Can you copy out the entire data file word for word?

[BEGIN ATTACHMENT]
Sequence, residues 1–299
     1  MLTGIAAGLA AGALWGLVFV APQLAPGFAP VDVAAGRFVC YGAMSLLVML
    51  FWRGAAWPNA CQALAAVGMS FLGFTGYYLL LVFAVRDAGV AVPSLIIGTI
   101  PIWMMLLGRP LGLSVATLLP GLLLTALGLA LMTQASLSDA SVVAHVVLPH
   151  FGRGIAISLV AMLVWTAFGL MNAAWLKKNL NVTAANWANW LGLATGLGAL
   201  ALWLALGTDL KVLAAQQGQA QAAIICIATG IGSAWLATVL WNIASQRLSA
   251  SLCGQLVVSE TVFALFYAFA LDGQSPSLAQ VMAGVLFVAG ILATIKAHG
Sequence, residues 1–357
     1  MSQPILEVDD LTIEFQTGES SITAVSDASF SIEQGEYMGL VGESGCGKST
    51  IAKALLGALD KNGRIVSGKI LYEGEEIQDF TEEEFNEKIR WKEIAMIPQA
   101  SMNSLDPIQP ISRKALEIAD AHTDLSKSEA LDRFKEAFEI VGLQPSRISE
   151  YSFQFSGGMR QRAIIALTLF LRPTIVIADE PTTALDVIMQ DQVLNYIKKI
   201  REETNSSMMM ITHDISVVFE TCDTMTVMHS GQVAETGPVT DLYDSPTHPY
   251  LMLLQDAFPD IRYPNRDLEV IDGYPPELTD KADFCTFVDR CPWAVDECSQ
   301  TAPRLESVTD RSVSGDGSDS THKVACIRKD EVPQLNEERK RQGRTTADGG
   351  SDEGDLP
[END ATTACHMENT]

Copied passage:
Sequence, residues 1–299
     1  MLTGIAAGLA AGALWGLVFV APQLAPGFAP VDVAAGRFVC YGAMSLLVML
    51  FWRGAAWPNA CQALAAVGMS FLGFTGYYLL LVFAVRDAGV AVPSLIIGTI
   101  PIWMMLLGRP LGLSVATLLP GLLLTALGLA LMTQASLSDA SVVAHVVLPH
   151  FGRGIAISLV AMLVWTAFGL MNAAWLKKNL NVTAANWANW LGLATGLGAL
   201  ALWLALGTDL KVLAAQQGQA QAAIICIATG IGSAWLATVL WNIASQRLSA
   251  SLCGQLVVSE TVFALFYAFA LDGQSPSLAQ VMAGVLFVAG ILATIKAHG
Sequence, residues 1–357
     1  MSQPILEVDD LTIEFQTGES SITAVSDASF SIEQGEYMGL VGESGCGKST
    51  IAKALLGALD KNGRIVSGKI LYEGEEIQDF TEEEFNEKIR WKEIAMIPQA
   101  SMNSLDPIQP ISRKALEIAD AHTDLSKSEA LDRFKEAFEI VGLQPSRISE
   151  YSFQFSGGMR QRAIIALTLF LRPTIVIADE PTTALDVIMQ DQVLNYIKKI
   201  REETNSSMMM ITHDISVVFE TCDTMTVMHS GQVAETGPVT DLYDSPTHPY
   251  LMLLQDAFPD IRYPNRDLEV IDGYPPELTD KADFCTFVDR CPWAVDECSQ
   301  TAPRLESVTD RSVSGDGSDS THKVACIRKD EVPQLNEERK RQGRTTADGG
   351  SDEGDLP